• synonyms


See more synonyms for weal on Thesaurus.com
  1. well-being, prosperity, or happiness: the public weal; weal and woe.
  2. Obsolete. wealth or riches.
  3. Obsolete. the body politic; the state.
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Origin of weal1

before 900; Middle English wele, Old English wela; akin to well1


  1. wheal.
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Origin of weal2

variant of wale1, with ea of wheal
Dictionary.com Unabridged Based on the Random House Unabridged Dictionary, © Random House, Inc. 2018

Related Words

streak, wale, scar, ridge, wound, bruise, stripe, mouse, injury, contusion, whelk, wheal, abundance, prosperity, good, advantage, success, contentment, profit, ease

Examples from the Web for weal

Historical Examples

  • In the woe or weal of a whole life, we must decide for ourselves.

    Alice, or The Mysteries, Complete

    Edward Bulwer-Lytton

  • As heaven's above, his future weal Or woe depends upon my silence!

    Browning's England

    Helen Archibald Clarke

  • And the real end of both was the weal of the Commonwealth at large.

  • How much of Canada's weal or woe depends upon the selection?

    The Story of My Life

    Egerton Ryerson

  • Has it not done more for the honor of the prince and the weal of the subject than any other system?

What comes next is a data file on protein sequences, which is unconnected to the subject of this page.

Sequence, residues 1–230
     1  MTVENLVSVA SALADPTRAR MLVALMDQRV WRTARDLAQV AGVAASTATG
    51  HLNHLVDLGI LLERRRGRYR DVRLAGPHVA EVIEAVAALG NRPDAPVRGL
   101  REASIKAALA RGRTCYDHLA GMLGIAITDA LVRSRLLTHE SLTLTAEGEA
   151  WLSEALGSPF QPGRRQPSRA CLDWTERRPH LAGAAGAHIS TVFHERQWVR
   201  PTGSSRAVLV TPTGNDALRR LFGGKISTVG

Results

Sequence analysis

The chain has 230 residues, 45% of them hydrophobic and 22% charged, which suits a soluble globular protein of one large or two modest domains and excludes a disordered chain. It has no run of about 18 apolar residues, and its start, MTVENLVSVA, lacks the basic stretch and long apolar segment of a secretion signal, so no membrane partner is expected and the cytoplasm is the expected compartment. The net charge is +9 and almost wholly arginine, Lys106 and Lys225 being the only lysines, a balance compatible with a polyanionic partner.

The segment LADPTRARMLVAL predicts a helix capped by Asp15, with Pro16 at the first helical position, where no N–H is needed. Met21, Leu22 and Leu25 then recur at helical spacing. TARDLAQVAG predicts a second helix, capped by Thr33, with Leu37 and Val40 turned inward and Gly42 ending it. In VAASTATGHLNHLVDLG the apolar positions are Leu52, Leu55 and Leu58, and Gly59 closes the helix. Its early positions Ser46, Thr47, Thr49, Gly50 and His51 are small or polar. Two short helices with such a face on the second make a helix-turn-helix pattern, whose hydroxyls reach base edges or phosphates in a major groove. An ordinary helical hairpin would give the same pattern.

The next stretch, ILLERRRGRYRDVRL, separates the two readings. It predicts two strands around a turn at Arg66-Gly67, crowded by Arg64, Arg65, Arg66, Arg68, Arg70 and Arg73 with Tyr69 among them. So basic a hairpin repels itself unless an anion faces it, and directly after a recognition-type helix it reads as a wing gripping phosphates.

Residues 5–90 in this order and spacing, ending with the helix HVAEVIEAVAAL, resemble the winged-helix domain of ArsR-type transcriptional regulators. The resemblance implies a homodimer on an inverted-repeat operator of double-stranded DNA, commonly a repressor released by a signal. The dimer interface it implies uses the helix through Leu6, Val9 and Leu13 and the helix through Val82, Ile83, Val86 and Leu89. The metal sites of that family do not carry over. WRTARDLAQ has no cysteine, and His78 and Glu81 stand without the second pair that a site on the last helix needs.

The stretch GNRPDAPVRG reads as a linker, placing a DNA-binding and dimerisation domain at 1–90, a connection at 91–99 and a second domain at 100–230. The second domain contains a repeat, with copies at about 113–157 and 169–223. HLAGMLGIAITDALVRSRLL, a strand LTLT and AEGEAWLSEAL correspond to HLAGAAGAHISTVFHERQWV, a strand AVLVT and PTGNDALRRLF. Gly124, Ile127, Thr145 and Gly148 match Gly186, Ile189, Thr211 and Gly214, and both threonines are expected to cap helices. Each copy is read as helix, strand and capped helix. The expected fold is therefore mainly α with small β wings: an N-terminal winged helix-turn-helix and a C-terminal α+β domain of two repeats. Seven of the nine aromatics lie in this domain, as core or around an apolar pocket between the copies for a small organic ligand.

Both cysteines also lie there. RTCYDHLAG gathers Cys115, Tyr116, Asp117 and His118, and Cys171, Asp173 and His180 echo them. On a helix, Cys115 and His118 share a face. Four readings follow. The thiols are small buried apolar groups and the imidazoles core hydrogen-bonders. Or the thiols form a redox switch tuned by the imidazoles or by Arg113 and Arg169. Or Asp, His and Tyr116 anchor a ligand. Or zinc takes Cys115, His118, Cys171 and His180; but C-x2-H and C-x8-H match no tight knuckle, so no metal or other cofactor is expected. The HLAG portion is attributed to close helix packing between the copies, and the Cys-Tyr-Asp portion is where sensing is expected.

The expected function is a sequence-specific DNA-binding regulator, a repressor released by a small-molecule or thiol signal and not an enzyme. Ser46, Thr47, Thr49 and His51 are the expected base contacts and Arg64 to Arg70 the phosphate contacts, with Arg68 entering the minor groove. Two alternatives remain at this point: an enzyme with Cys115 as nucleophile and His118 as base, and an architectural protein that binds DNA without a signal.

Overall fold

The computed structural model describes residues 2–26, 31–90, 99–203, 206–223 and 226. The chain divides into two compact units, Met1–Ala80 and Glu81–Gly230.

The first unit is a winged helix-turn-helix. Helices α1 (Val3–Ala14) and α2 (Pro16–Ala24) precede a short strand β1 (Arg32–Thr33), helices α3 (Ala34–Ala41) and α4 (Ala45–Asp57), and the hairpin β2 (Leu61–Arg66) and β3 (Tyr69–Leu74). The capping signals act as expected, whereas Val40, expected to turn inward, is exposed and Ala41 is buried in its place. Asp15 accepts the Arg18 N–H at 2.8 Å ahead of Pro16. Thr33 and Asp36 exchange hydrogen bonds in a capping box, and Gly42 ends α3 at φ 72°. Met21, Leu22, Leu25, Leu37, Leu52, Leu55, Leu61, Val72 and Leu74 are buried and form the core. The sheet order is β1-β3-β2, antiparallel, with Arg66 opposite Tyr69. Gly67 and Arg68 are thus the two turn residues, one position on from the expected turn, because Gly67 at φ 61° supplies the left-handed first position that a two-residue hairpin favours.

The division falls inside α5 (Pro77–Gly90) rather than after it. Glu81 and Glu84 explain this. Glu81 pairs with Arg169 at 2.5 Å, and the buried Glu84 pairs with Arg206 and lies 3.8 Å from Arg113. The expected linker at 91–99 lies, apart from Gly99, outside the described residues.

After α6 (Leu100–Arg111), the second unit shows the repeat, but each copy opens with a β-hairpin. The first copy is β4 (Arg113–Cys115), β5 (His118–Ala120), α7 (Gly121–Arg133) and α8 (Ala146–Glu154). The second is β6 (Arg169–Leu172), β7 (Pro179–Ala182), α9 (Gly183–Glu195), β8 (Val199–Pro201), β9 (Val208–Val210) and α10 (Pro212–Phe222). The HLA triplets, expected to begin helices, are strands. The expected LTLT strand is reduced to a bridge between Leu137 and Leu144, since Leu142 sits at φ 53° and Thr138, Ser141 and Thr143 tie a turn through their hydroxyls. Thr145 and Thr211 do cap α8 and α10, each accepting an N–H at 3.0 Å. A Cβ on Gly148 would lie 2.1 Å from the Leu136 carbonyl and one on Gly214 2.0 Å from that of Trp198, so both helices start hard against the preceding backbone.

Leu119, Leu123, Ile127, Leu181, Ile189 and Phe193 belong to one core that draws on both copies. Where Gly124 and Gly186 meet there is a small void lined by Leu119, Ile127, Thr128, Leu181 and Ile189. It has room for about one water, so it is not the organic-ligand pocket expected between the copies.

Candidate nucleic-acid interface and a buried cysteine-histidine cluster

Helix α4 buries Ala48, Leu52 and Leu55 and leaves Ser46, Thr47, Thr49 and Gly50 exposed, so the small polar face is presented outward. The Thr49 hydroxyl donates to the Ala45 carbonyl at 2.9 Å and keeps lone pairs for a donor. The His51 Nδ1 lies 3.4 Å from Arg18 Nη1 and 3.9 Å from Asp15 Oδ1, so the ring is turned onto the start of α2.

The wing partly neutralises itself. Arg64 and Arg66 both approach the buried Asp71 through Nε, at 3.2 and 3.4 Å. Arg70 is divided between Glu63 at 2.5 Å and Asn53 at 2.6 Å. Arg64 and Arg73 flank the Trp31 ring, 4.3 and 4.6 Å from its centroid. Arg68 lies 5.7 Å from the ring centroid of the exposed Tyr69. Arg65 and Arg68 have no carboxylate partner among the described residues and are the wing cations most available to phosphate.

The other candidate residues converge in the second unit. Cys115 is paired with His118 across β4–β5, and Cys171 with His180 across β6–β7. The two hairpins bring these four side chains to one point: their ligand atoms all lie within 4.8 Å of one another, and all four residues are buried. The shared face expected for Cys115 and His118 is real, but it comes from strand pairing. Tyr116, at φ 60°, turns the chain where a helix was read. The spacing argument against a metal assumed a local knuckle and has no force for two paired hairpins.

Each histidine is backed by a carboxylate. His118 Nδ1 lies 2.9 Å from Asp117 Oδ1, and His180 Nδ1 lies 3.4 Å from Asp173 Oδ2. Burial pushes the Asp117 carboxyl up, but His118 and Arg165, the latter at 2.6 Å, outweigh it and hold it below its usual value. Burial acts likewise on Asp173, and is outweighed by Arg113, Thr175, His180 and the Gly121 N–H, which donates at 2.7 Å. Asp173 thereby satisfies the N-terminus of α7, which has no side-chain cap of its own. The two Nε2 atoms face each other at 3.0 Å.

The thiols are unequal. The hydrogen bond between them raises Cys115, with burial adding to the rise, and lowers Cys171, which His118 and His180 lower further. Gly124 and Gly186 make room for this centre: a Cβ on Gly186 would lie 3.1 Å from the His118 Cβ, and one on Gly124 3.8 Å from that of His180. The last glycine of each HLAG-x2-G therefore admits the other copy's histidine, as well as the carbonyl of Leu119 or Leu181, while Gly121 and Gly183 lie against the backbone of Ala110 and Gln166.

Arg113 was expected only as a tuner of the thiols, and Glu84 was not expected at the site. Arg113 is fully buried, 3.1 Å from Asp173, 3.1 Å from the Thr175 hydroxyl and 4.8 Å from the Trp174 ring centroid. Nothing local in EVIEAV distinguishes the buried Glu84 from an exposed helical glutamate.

British Dictionary definitions for weal


  1. a raised mark on the surface of the body produced by a blowAlso called: wale, welt, wheal
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Word Origin

C19: variant of wale 1, influenced in form by wheal


  1. archaic prosperity or wellbeing (now esp in the phrases the public weal, the common weal)
  2. obsolete the state
  3. obsolete wealth
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Word Origin

Old English wela; related to Old Saxon welo, Old High German wolo
Collins English Dictionary - Complete & Unabridged 2012 Digital Edition © William Collins Sons & Co. Ltd. 1979, 1986 © HarperCollins Publishers 1998, 2000, 2003, 2005, 2006, 2007, 2009, 2012

Word Origin and History for weal


"well-being," Old English wela "wealth," in late Old English also "welfare, well-being," from West Germanic *welon, from PIE root *wel- "to wish, will" (see will (v.)). Related to well (adv.).

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"raised mark on skin," 1821, alteration of wale (q.v.).

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Online Etymology Dictionary, © 2010 Douglas Harper

weal in Medicine


  1. A ridge on the flesh raised by a blow; a welt.
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The American Heritage® Stedman's Medical Dictionary Copyright © 2002, 2001, 1995 by Houghton Mifflin Company. Published by Houghton Mifflin Company.